Ben & Jerry’s gets a chilly reception

Ben & Jerry’s ice cream took the US by storm where its ‘no marketing’ strategy worked but the UK has so far been less than enthusiastic about it. So more conventional advertising may be on the cards. By Stephanie Bentley

It sounds like an economic miracle. Two hippies build a multi-million dollar ice cream business from scratch, having turned their backs on advertising, and embrace a radically different business philosophy: “caring capitalism”.

Ben & Jerry’s ice cream caused a sensation in the US with its cunningly invisible marketing strategy. There was no marketing strategy. Just a genuine, truthful image embodied by its amateurish and rather intriguing founders, childhood friends Ben Cohen and Jerry Greenfield.

The Americans loved the company’s playful attitude, with ice cream flavour names such as Cherry Garcia, Wavy Gravy and Chunky Monkey, and they loved its ethos – 7.5 per cent of the company’s profits go to charity, suppliers are picked from areas of social need.

And of course they loved the “all natural” product. As one radio presenter said: “If Häagen-Dazs is the ice cream you eat after sex, Ben & Jerry’s is the ice cream you eat instead of sex.”

But the quirky hippies from over there have failed to make an impact over here. The luxury ice-cream makers made a disappointing entry into the British market in 1994, splitting with their distributor Loseleys after only five months. Observers claimed sales could have been higher if the brand had been more widely available.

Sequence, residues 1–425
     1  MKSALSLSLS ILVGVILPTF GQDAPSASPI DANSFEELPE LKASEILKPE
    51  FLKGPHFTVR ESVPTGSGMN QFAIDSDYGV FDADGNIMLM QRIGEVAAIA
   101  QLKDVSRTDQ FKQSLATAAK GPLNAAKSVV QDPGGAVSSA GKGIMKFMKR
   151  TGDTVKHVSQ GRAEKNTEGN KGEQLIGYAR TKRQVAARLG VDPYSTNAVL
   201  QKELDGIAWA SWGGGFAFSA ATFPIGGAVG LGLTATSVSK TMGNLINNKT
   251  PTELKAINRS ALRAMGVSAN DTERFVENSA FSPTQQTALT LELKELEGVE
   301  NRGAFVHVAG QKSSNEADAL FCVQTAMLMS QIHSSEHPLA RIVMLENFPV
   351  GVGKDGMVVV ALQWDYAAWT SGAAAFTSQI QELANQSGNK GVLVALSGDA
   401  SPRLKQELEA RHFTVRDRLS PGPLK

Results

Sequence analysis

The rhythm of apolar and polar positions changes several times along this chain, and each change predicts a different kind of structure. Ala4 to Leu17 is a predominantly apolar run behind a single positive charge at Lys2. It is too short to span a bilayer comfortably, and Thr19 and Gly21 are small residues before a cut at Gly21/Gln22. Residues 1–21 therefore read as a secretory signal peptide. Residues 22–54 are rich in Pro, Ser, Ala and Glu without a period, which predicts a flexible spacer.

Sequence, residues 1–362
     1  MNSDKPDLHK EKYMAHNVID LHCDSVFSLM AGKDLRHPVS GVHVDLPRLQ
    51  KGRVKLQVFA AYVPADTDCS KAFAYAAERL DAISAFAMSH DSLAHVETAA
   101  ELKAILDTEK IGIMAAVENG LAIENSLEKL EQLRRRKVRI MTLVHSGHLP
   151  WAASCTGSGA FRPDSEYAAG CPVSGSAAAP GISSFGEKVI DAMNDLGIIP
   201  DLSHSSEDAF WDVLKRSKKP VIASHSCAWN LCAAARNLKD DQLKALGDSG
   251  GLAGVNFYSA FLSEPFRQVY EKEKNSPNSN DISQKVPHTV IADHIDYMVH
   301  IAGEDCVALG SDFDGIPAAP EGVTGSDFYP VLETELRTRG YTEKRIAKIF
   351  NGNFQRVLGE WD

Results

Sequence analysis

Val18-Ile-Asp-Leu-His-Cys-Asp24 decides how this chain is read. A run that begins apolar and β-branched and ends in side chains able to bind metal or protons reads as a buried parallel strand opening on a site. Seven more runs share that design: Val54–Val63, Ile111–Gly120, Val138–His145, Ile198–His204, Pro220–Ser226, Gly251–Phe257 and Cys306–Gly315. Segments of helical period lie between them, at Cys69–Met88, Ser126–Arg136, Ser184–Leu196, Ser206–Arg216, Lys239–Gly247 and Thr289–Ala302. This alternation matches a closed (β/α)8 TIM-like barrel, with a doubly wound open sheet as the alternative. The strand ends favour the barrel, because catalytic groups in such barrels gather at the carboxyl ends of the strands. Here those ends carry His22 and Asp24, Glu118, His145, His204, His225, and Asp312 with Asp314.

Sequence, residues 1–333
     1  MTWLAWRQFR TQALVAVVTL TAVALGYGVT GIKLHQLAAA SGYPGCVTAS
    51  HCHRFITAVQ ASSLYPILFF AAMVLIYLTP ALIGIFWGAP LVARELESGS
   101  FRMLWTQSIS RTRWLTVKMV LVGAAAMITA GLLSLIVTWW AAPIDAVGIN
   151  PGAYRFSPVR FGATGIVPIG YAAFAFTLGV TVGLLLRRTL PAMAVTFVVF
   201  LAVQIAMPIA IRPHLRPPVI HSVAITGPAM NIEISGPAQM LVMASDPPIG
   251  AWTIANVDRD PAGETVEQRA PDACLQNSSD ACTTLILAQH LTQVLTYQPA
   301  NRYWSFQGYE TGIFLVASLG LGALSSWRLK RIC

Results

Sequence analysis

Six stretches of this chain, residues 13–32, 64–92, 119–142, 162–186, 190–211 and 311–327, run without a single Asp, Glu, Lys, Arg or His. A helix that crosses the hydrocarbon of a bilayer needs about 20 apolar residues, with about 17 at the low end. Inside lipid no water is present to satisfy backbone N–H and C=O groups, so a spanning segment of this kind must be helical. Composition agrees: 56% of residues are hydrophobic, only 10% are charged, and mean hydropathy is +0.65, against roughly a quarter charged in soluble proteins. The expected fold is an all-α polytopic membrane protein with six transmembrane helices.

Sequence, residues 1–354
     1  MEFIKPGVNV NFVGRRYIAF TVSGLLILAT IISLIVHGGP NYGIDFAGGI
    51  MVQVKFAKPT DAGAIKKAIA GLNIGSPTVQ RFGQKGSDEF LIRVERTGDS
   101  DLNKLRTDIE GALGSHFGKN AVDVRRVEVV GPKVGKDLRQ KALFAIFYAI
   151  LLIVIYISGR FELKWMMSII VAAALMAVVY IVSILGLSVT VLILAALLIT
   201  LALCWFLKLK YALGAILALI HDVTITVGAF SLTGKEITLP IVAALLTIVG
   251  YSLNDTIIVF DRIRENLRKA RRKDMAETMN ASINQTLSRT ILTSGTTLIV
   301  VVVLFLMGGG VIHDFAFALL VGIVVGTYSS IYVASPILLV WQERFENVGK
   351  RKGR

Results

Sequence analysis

Trailing five years behind Grand Met’s Häagen-Dazs, which already had a high-profile advertising strategy in place, Ben & Jerry’s “word of mouth” publicity in an increasingly crowded market has failed to give the brand a foothold in the UK. Already sales have declined by 33 per cent year on year (Nielsen MAT, December 23 1995).

Now the company is looking at the possibility of an-above-the-line budget to raise its profile and boost declining sales.

A Ben & Jerry’s spokesman says: “There are currently no plans to advertise. But we are an ideas-driven company. We want to see what ideas are around. We are always looking to build further awareness.”

One insider says: “The company is asking the question: if we use above-the-line advertising, how would it benefit our brand?

“It could simply be to help it with distribution. If retailers took it more seriously, they might stock the product.”

Häagen-Dazs – which claims to have created the premium ice cream market single-handedly – is the clear brand leader in the sector, outselling its nearest competitor Heinz’ Weight-Watchers by nearly three to one.

Marketing manager Kerry Pettitt says: “We have always sought to give the consumer what they want and to remain innovative in both our product and our marketing.”

The company, which plans to expand its presence in the handheld ice cream sector, has a 21 per cent share of the value market compared with Ben & Jerry’s six per cent. (Nielsen MAT, December 23 1995), although Ben & Jerry’s claims a 16 per cent share of the super premium market.

But it is the influx of strong own-label products that could ultimately lick both Ben & Jerry’s and Häagen-Dazs.

Sub-brands such as Sainsbury’s Indulgence and Tesco’s Luxury Dairy are currently biting the biggest chunk out of branded profits. Tesco’s range includes such decadent flavours as White Chocolate Fluffy Mallow, Cappuccino Cafe and Blueberry Cheesecake, but are over 1 less per 500ml tub.